During the early beginnings of the web, texts and links were the only foundations that opened endless possibilities of the internet today. Hypertexts were simply texts which has links to other related texts where navigation is made through a non-linear manner. The links connect information by association. People can store and retrieve information by referential links for access. Ted Nelson’s book “Literary Machines” released in 1987 shows his vision of a distributed document system that anticipated the World Wide Web.
Now, hypermedia is being constantly used in the web, a hypertext which is not constrained to be text, it comes in the form of video, graphics, or audio.
The Semantic Web, known also as Web 3.0, emerged recently where it focuses on data that can be processed by machines. Its goal is to make the web organized by structuring documents into a web of date that is hyperlinked to human-readable web pages by inserting machine-readable metadata about pages and how they relate to one another.
Web 3.0 enable users to find, share, and combine information more easily because it enables machines to understand and respond to complex human requests. Since machines could not accomplish tasks without human direction, web pages should be designed to be read by people and not by machines – a major premise of the Semantic Web.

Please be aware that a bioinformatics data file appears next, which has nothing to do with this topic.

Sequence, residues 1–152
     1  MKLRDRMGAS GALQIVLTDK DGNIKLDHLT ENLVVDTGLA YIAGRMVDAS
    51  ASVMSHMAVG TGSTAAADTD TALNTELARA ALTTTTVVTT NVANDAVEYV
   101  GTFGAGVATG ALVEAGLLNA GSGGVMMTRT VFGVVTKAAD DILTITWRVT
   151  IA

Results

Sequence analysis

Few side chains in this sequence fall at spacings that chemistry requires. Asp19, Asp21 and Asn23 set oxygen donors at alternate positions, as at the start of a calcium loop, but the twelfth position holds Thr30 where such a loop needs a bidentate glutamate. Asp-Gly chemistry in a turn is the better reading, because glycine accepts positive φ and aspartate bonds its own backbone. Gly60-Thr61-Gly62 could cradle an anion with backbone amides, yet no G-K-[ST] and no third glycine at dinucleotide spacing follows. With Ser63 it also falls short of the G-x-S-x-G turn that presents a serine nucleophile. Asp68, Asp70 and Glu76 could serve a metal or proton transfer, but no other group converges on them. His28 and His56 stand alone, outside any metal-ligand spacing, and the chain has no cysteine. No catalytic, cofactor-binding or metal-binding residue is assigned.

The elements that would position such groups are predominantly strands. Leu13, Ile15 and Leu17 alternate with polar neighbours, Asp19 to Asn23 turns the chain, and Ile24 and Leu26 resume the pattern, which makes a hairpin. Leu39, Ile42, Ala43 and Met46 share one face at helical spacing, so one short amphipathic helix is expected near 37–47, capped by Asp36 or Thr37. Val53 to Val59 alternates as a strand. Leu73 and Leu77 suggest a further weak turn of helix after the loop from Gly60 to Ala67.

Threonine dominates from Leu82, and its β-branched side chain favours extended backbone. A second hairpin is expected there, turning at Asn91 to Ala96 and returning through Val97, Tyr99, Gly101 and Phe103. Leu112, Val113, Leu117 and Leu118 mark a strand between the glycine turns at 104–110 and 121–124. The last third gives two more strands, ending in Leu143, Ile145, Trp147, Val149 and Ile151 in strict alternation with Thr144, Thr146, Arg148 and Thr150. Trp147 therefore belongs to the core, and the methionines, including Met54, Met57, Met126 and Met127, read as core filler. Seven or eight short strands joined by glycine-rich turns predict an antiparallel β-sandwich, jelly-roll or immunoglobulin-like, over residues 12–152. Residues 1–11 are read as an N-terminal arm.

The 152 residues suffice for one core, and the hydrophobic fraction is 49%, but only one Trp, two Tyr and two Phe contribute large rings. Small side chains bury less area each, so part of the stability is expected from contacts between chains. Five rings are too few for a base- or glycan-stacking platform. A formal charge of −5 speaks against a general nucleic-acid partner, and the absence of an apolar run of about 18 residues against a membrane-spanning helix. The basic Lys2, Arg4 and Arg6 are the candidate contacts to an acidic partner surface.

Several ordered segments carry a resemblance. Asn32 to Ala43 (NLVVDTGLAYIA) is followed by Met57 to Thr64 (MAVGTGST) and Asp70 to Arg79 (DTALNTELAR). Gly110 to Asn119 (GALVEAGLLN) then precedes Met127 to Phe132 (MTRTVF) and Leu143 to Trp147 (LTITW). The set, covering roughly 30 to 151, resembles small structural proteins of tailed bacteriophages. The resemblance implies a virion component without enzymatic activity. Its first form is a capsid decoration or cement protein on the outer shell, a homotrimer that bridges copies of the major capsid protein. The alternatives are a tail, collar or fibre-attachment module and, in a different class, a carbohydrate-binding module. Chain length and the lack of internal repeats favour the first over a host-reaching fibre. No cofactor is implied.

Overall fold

With the full blown interactive participation of users in the virtual world, social media existed serving as computer-mediated tools that allow people to create content, share, exchange information and ideas through words, pictures, videos, and sound in virtual networks or communities.
Social media is a way where people connect with people online which has brought about memes like blogs, share, google, fb, tweets and many more. As the internet becomes more developed and continues to be more interactive and dynamic, the dissemination of public and private information will be geared towards mobile accessibility and connectivity.
The more that people understand interactivity in the modern world, designing multimedia materials would be a challenge in identifying target audiences. With the help of the fast growing interaction of people in the web, information dissemination will be easier and faster. This is where knowing how to see will play a pivotal role in its application through multimedia and the world in a dot.
(Published: February 5, 2015)